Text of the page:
Moving to England from Old New Jersey wasn't the worst thing in the world for Tom Rhodes. He was in the fourth grade, about to be in dreaded fifth, and he wasn't exactly Mr. Popular amongst his classmates. He thought that they thought he was a weirdo - and what was wrong with that? Everything, apparently. More likely, they just never thought about him at all. England could be a fresh start for Tom.
His brother and sisters did not agree.
"I hate it here already!" said Elle, the youngest sibling at six years old.
"Me too. There's no beach, mom!" said Susan. "I was supposed to lifeguard this summer."
"Sigh," said Peter, followed by a literal but quite exaggerated sigh. "You were never gonna be allowed to lifeguard, Sus."
Susan and Peter were twins, just over two years older than Tom. Susan arrived a full half hour before Peter, which she often reminded Peter of.
Their mother, Abby Rhodes (her parents had a bit of a thing for The Beatles and couldn't help themselves), glanced back at her kids from the rear-view mirror. Her stiff-upper lip, as the Brits would say, was curled into her forever crooked smile, thanks to a field hockey accident in college.
"Give it a chance, everyone. We're almost there. I think you're gonna like the house."
Their mini-van scratched against the bushes on the skinny country road.
"Maybe I should drive, Mom," said Peter. "You're not used to driving with the steering wheel on the right side."
"And you are?" asked Abby.
"Yes, actually," said Peter. "I've played every single racing video game in the world, and I'm fully prepared to drive this car."
"Over my dead body," said Susan.
Peter was about to say something, but the lane cleared into a long expansive yard, at the end of which stood a massive stone house.
"Woah," said Tom.
"It's a castle," said Susan.
"And that's where we're gonna live," said Abby. "You know how English houses all have special names? Well, ours is called Coldfast."
"Cool," said Peter. "Coldfast. I dig it."
"Is it really ours?" asked Elle.
"Well, we're technically renting it for the summer," said Abby. "But, if we like it -- and my job here works out -- then maybe we can buy it."
"Yay!" said Elle.
Tom's stomach turned, the way it did when he tried reading in the car.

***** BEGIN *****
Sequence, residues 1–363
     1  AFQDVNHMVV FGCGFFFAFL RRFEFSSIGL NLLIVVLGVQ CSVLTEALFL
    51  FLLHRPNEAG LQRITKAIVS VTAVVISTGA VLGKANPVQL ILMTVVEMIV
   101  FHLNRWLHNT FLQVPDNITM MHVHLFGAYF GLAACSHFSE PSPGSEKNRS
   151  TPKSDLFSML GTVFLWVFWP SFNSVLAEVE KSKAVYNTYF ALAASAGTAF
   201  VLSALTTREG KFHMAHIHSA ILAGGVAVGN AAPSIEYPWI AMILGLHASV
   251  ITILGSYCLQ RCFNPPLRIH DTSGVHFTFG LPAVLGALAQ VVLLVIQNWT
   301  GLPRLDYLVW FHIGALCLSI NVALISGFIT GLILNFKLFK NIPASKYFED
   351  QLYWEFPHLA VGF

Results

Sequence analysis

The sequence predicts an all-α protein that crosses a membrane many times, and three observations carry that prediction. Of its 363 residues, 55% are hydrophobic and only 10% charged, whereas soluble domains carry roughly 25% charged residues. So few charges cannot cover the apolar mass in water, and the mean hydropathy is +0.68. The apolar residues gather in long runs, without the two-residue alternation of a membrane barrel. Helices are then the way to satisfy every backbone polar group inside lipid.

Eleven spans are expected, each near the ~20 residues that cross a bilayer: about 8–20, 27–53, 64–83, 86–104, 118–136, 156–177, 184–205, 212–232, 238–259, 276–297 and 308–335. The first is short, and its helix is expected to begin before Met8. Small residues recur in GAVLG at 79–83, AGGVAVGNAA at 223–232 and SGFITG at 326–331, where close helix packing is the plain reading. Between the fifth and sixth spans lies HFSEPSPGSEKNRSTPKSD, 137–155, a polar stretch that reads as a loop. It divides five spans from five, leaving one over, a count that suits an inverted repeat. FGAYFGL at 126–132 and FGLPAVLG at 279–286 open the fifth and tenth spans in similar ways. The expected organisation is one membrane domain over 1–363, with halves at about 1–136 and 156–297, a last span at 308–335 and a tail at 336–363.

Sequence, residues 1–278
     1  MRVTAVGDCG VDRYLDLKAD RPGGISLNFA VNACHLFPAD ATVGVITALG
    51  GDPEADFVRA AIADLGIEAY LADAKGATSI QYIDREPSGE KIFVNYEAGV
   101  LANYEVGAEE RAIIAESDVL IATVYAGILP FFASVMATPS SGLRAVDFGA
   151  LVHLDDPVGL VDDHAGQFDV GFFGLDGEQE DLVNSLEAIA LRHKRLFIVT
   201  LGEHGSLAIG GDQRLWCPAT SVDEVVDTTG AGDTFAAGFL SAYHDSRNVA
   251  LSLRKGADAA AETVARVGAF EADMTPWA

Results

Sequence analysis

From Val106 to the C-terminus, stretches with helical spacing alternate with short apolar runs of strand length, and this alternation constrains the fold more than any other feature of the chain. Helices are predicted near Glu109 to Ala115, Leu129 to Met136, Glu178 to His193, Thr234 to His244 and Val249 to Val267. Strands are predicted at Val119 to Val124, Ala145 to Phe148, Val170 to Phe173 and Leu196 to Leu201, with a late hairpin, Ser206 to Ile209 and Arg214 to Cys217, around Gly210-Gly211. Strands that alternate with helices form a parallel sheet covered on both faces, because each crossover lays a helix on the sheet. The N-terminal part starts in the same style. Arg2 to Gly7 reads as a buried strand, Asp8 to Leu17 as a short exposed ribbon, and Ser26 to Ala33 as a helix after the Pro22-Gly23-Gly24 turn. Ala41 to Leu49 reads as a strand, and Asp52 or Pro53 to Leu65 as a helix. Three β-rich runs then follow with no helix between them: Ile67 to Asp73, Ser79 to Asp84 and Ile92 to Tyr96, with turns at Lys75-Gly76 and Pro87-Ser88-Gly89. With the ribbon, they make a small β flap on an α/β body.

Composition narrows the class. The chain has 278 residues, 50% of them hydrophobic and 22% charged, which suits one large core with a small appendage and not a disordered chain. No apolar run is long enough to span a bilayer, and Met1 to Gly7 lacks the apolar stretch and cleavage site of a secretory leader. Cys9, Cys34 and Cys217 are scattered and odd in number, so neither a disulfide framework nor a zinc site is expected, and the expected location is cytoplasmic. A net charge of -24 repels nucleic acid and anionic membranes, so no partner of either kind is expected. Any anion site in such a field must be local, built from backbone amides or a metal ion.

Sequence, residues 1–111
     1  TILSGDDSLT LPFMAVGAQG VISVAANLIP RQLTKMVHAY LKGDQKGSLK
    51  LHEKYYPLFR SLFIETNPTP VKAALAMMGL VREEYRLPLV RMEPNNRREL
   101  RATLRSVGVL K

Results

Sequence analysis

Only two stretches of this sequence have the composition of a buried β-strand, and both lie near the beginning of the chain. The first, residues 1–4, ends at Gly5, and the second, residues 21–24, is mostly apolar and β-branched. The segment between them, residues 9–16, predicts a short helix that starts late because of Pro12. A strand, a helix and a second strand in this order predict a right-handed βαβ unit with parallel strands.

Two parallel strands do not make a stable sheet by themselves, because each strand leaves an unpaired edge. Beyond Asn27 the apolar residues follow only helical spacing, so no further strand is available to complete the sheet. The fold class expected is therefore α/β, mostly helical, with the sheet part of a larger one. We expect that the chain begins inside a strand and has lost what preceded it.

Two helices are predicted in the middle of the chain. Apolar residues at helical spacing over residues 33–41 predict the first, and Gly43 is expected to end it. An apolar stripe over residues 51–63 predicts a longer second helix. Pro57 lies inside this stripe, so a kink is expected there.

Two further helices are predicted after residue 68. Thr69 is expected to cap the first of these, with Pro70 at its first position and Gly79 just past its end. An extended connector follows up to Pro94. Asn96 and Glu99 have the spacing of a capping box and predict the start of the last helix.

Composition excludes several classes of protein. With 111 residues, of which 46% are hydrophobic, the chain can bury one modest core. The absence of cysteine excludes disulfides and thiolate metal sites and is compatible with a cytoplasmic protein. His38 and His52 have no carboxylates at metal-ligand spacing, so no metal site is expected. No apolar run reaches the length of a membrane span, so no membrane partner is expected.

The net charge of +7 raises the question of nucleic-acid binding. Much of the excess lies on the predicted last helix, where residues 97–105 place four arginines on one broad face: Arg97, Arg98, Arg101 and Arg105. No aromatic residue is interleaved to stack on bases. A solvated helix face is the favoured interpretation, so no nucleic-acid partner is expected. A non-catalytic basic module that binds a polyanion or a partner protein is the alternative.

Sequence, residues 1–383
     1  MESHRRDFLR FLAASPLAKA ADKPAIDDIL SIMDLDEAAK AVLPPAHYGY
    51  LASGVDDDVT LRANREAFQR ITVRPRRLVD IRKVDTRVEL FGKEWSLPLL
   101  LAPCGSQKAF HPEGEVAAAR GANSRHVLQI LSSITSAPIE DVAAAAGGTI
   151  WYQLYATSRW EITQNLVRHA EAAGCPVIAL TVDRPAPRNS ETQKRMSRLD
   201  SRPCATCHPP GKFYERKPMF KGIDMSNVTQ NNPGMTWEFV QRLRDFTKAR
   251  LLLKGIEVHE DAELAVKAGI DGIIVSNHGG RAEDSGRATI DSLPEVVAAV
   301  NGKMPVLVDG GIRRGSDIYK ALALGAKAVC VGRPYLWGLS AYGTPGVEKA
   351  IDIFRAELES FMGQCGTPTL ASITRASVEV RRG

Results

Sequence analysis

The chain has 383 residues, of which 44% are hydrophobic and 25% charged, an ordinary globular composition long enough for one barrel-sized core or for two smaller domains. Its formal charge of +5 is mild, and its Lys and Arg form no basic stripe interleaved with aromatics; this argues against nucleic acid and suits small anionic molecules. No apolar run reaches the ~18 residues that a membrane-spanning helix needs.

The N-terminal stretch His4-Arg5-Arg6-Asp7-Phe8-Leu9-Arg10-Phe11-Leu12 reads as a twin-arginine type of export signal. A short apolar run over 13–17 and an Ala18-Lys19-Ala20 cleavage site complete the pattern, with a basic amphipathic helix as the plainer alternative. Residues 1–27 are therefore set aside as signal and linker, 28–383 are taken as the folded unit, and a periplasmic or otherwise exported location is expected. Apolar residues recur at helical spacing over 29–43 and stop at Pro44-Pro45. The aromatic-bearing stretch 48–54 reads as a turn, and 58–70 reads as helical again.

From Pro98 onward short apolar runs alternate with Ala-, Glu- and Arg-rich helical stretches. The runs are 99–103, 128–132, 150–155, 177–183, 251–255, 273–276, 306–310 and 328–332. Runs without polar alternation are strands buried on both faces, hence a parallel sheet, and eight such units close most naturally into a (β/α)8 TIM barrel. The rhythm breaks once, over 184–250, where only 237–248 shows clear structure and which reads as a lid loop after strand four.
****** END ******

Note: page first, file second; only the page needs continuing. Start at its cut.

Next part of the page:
"Can we get out, Mom?" he asked.
"I was going to drive up a little closer, but why not?" She stopped the car, and unlocked the sliding doors. The kids pushed out and flew across the grounds towards the house.
"There's a stream back here! It's like a little river!"
"Look at this climbing tree!"
"I think there's 5 floors!"
"Kids! Can you come here and help me carry in our bags?"
"Yes, mom!" they all replied.
There were enough bedrooms in Coldfast that none of them had to share a room, and there wasn't even much fighting over who got which one. Tom's choice must have once been an old library or a study, because it was filled with wall-to-wall bookshelves, which were now mostly bare, except for a complete set of the Encyclopedia Britannica. Tom pulled out the "T" and skimmed ahead to the find the section on turtles when an old-fashioned bell rang from somewhere downstairs
"I'm gonna have to figure out how to call you all, and this bell seems pretty good," said Abby. "A little different from our house in Old New Jersey, huh?"
"Yeah, Mom," said Susan.
"I love it here," said Elle.
"Good," said Abby. "Now I have to drive into town to get situated at work. They want me to start at Bletchley Park tomorrow, and I've got to get my ID card and whatnot set up today. So, Susan and Peter, you're in charge. Stick together, and have fun. I'll bring home something English for dinner. Ok?"
Everyone nodded. They stood at the large doorway to Coldfast and waved at their mother's minivan crunch away on the gravel driveway.
"So, we're splitting up, right?" said Peter.
"Obviously," said Susan. "We've gotta explore this place, and I want to do it my way."
"Me too!" said Elle.
Tom pulled on Susan's arm. "But didn't Mom say we were supposed to stick together."
Susan patted Tom's head.
"Don't worry. I'm in charge now."
"No, I'm in charge," said Peter. "We'll meet back here in an hour and report back on our findings."
"Ugh, okay," said Tom. "I'm going outside then." Something about the house creeped him out.
"Elle and I will explore inside," said Peter. "Susan you should try outside, too."
"I will, but not cause you said it."
Tom and Susan went outside and set off in different directions, Susan towards the stream and the rolling hills beyond the western side of the building, and he towards the pine trees on the east. He'd always loved the smell of Christmas, and pine trees were as close as you could get during the rest of the year.
It wasn't long before Tom had lost sight of Coldfast. He kicked up tufts of fallen pine needles as he walked, like little yellow fireworks for potato bugs. He wondered if potato bugs lived in England. Or if they had some other kind of rolly-polly bug.
He spotted a particularly gigantic pinecone and kicked it. The pinecone bounced and tumbled before rolling into a hollow at the base of a large oak tree. The oak seemed rather out of place in the pine woods. Tom approached the tree and crawled down to try to snag the pinecone. He felt a warm breeze coming from the hollow, and reached inside for the pinecone. He couldn't quite reach it, so he crawled his head inside. The warm feeling grew. Soon Tom was fully inside the hollow, still crawling forward. Maybe this was a cave, he thought. This would be something cool to report back to his siblings.